Headache is defined as a pain arising from the head or upper neck of the body. The pain originates from the tissues and structures that surround the skull or the brain because the brain itself has no nerves that give rise to the sensation of pain (pain fibers). The thin layer of tissue (periosteum) that surrounds bones, muscles that encase the skull, sinuses, eyes, and ears, as well as thin tissues that cover the surface of the brain and spinal cord (meninges), arteries, veins, and nerves, all can become inflamed or irritated and cause headache. The pain may be a dull ache, sharp, throbbing, constant, intermittent, mild, or intense.
Primary headaches are stand-alone illnesses caused directly by the overactivity of, or problems with, structures in the head that are pain-sensitive.
This includes the blood vessels, muscles, and nerves of the head and neck. They may also result from changes in chemical activity in the brain.
Common primary headaches include migraines, cluster headaches, and tension headaches.
Secondary headaches are symptoms that happen when another condition stimulates the pain-sensitive nerves of the head. In other words, the headache symptoms can be attributed to another cause.
A wide range of different factors can cause secondary headaches.
- alcohol-induced hangover
- brain tumor
- blood clots
- bleeding in or around the brain
- "brain freeze," or ice-cream headaches
- carbon monoxide poisoning
- teeth-grinding at night
- overuse of pain medication, known as rebound headaches
- panic attacks
The symptoms of a headache can depend on the type.
Tension headaches are the most common form of primary headache. Such headaches normally begin slowly and gradually in the middle of the day.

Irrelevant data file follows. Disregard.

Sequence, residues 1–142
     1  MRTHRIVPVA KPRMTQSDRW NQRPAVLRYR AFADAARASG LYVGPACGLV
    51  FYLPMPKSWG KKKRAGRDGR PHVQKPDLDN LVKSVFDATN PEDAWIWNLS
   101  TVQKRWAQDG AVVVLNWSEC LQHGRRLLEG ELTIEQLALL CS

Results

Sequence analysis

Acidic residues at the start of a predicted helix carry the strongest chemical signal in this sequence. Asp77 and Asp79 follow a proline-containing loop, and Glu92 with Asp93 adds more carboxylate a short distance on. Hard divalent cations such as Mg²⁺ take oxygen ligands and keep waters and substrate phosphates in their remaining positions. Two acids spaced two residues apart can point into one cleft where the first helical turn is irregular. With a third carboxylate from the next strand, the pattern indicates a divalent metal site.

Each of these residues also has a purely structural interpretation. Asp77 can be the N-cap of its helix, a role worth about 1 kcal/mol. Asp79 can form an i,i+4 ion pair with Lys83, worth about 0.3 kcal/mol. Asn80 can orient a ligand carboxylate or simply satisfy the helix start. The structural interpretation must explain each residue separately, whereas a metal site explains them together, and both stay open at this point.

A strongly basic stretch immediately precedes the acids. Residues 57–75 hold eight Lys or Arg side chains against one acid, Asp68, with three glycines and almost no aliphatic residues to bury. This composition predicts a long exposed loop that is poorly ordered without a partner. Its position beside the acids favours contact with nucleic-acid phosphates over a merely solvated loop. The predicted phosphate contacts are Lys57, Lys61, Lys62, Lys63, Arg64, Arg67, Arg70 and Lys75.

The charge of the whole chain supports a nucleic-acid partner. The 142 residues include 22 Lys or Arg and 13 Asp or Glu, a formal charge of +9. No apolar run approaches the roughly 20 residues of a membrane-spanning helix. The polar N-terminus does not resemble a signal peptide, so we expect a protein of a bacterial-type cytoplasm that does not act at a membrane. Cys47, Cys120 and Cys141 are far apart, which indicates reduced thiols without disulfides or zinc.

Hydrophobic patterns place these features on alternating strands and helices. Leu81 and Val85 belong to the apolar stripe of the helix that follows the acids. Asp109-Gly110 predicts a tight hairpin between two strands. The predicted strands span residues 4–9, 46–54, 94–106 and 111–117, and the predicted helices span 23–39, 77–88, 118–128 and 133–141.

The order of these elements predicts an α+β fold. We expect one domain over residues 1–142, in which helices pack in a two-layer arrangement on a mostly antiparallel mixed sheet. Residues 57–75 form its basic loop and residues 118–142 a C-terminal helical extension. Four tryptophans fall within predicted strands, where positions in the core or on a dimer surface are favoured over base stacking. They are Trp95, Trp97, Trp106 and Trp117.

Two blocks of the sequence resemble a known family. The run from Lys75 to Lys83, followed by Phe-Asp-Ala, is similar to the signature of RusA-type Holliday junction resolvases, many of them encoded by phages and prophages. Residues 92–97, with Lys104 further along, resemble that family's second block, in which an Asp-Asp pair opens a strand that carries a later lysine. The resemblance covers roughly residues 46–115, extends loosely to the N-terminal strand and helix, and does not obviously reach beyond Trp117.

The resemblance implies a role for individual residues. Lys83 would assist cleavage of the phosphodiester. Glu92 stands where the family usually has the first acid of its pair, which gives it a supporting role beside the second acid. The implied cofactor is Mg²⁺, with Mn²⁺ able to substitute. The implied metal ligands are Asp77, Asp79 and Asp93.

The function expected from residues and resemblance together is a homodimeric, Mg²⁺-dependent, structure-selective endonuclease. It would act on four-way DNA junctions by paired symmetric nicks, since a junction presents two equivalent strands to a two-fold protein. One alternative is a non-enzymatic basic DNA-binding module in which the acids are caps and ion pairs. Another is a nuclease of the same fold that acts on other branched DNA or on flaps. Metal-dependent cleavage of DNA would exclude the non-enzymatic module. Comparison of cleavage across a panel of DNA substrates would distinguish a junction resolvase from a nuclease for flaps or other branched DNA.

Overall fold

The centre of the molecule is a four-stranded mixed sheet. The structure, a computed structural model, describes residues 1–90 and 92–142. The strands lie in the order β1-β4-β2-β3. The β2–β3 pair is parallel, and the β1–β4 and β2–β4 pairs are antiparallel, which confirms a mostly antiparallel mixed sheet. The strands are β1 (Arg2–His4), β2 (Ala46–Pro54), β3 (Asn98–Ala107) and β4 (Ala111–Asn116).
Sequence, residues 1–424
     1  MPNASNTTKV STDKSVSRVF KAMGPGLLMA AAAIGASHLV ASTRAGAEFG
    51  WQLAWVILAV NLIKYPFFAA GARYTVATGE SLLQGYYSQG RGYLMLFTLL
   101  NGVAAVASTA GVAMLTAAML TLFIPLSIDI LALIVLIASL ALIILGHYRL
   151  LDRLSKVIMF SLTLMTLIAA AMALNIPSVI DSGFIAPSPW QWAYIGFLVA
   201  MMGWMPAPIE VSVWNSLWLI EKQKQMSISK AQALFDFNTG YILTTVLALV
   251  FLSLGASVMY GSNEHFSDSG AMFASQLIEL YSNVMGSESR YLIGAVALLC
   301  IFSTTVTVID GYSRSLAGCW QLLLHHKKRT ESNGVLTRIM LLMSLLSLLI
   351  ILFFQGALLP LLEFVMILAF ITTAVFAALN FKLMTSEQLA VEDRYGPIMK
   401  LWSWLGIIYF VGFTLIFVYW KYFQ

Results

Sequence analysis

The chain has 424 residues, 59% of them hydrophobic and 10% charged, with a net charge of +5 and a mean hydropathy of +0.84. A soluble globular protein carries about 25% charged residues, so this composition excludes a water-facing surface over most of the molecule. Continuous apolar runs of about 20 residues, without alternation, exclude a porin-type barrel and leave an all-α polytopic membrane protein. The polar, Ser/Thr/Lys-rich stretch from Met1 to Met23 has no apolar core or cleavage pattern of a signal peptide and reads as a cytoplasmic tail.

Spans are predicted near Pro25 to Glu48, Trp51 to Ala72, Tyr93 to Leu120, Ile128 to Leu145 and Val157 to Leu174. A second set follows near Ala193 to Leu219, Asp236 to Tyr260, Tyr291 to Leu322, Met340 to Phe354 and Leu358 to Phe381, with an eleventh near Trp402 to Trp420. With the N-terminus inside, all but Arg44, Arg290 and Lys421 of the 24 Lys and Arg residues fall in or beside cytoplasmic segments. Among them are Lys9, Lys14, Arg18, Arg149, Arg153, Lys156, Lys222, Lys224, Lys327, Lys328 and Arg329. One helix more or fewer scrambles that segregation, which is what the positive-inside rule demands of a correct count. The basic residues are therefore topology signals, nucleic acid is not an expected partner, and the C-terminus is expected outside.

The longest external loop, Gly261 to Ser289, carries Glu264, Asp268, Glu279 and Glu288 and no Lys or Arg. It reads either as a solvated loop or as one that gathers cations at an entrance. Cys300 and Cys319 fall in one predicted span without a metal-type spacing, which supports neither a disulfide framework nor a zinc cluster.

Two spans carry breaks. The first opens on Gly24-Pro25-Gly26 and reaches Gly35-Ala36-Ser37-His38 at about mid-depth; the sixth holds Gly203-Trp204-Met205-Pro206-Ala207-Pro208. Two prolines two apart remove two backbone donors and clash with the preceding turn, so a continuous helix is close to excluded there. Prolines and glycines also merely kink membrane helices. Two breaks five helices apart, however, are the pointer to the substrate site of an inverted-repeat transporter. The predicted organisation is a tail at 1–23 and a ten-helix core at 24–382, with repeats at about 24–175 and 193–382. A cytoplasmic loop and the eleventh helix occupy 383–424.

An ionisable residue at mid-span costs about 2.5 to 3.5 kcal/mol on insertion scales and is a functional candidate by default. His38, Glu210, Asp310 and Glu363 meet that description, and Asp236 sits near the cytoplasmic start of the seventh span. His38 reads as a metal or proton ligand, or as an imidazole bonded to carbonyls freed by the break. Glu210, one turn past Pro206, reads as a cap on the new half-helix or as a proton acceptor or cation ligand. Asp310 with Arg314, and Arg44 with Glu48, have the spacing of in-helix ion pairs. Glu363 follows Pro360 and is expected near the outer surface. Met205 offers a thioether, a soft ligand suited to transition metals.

The person can feel:
- as if they have a tight band around the head
- a constant, dull ache on both sides
- pain spread to or from the neck
Tension-type headaches can be either episodic or chronic. Episodic attacks are usually a few hours in duration, but can last for several days. Chronic headaches occur for 15 or more days a month for a period of at least 3 months.
A migraine headache may cause a pulsating, throbbing pain usually only on one side of the head. The aching may be accompanied by:
- blurred vision
- sensory disturbances known as auras
Migraine is the second most common form of primary headache and can have a significant impact on the life of an individual. According to the WHO, migraine is the sixth highest cause of days lost due to disability worldwide. A migraine can last from a few hours to between 2 and 3 days.
Rebound or medication-overuse headaches stem from an excessive use of medication to treat headache symptoms. They are the most common cause of secondary headaches. They usually begin early in the day and persist throughout the day. They may improve with pain medication, but worsen when its effects wear off.
Along with the headache itself, rebound headaches can cause:
- neck pain
- a feeling of nasal congestion
- reduced sleep quality
Rebound headaches can cause a range of symptoms, and the pain can be different each day.
Cluster headaches usually last between 15 minutes and 3 hours, and they occur suddenly once per day up to eight times per day for a period of weeks to months. In between clusters, there may be no headache symptoms, and this headache-free period can last months to years.
The pain caused by cluster headaches is:
- often described as sharp or burning
- typically located in or around one eye
The affected area may become red and swollen, the eyelid may droop, and the nasal passage on the affected side may become stuffy and runny.